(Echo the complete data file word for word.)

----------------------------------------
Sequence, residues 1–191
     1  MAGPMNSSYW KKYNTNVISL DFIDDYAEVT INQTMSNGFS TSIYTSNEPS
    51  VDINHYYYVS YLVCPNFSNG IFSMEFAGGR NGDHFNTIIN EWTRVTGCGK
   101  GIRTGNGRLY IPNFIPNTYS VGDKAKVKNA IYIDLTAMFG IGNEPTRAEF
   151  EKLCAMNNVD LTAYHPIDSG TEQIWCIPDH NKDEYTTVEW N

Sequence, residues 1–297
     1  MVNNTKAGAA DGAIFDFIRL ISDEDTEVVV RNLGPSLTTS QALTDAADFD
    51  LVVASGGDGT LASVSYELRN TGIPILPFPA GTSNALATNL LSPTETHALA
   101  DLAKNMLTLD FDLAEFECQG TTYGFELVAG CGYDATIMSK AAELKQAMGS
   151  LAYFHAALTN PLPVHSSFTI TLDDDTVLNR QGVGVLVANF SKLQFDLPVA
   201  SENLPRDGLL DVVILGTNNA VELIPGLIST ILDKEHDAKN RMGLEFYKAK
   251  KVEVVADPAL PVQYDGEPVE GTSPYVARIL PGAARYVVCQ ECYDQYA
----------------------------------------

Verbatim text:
Sequence, residues 1–191
     1  MAGPMNSSYW KKYNTNVISL DFIDDYAEVT INQTMSNGFS TSIYTSNEPS
    51  VDINHYYYVS YLVCPNFSNG IFSMEFAGGR NGDHFNTIIN EWTRVTGCGK
   101  GIRTGNGRLY IPNFIPNTYS VGDKAKVKNA IYIDLTAMFG IGNEPTRAEF
   151  EKLCAMNNVD LTAYHPIDSG TEQIWCIPDH NKDEYTTVEW N

Sequence, residues 1–297
     1  MVNNTKAGAA DGAIFDFIRL ISDEDTEVVV RNLGPSLTTS QALTDAADFD
    51  LVVASGGDGT LASVSYELRN TGIPILPFPA GTSNALATNL LSPTETHALA
   101  DLAKNMLTLD FDLAEFECQG TTYGFELVAG CGYDATIMSK AAELKQAMGS
   151  LAYFHAALTN PLPVHSSFTI TLDDDTVLNR QGVGVLVANF SKLQFDLPVA
   201  SENLPRDGLL DVVILGTNNA VELIPGLIST ILDKEHDAKN RMGLEFYKAK
   251  KVEVVADPAL PVQYDGEPVE GTSPYVARIL PGAARYVVCQ ECYDQYA